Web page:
Follow-up to Torquing Big Nuts and Bolts
Jan 24, 2018
Austin commented about my recent blog that discussed using air-powered torque wrenches to accurately tighten big nuts and bolts on farm equipment to specific torque values. He mentioned "torque-turning" fasteners (aka "torque to angle" or "angle turn") to specific torque values as an alternative to using expensive pneumatic torque wrenches or 8-foot-long, $1200 manual torque wrenches.
He makes a great point. Torque-turning is where the mechanic installs nuts or bolts to a specified, relatively low torque value, then turns the fastener a specific amount more to achieve the desired final torque. For example, I recently installed some special nuts to 200 lb./ft., then carefully turned them another 60-degrees to produce a final torque in excess of 700 lb.'ft. In this case, 60-degrees is simply one "flat" on the nut, so it was easy to measure. Other times I've been instructed to rotate a fastener an additional 90-degrees.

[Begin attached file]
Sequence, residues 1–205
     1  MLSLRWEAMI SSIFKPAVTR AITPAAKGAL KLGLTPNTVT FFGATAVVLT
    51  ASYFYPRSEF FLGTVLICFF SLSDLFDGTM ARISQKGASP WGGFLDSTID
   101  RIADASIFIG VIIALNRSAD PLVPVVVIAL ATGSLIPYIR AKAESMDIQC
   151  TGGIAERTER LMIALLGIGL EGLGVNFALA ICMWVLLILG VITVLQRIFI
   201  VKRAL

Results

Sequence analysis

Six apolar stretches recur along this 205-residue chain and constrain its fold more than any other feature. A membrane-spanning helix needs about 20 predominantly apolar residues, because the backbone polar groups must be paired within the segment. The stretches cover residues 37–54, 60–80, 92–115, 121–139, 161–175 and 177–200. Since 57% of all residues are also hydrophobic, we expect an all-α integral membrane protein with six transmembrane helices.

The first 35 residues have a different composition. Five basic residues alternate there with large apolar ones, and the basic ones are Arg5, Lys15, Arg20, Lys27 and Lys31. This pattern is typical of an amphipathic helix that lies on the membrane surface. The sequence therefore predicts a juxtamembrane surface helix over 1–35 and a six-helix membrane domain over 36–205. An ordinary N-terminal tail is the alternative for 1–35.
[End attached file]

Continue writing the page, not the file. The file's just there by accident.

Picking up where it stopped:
Engineers tell me that torque-turn is actually a better way to achieve consistent final torque compared to using a torque wrench. Some equipment manufacturers now give torque-turn specs for big fasteners, allowing mechanics and laymen to get along without buying expensive, high-capacity torque wrenches.
As Austin pointed out, it would be nice if there were tables that showed, say, that torquing a 5/8-inch bolt to 200 lb./ft and then turning it an additional 60-degrees would yield a final torque of 750 lb./ft. (those are numbers I plucked out of the air for illustration purposes.) I'm sure there are tables in engineering books or software programs that list all those values, but I haven't found them-- yet.
I'm going to keep looking, because it sure would be easier to torque a nut to 200 lb./ft. with a general-purpose, relatively economical torque wrench, then use a big iair-powered mpact wrench or a 10-foot-long breaker bar to (carefully) rotate it another 60-degrees than to wrestle with a huge, expensive torque wrench capable of torquing to 1,000 lb./ft..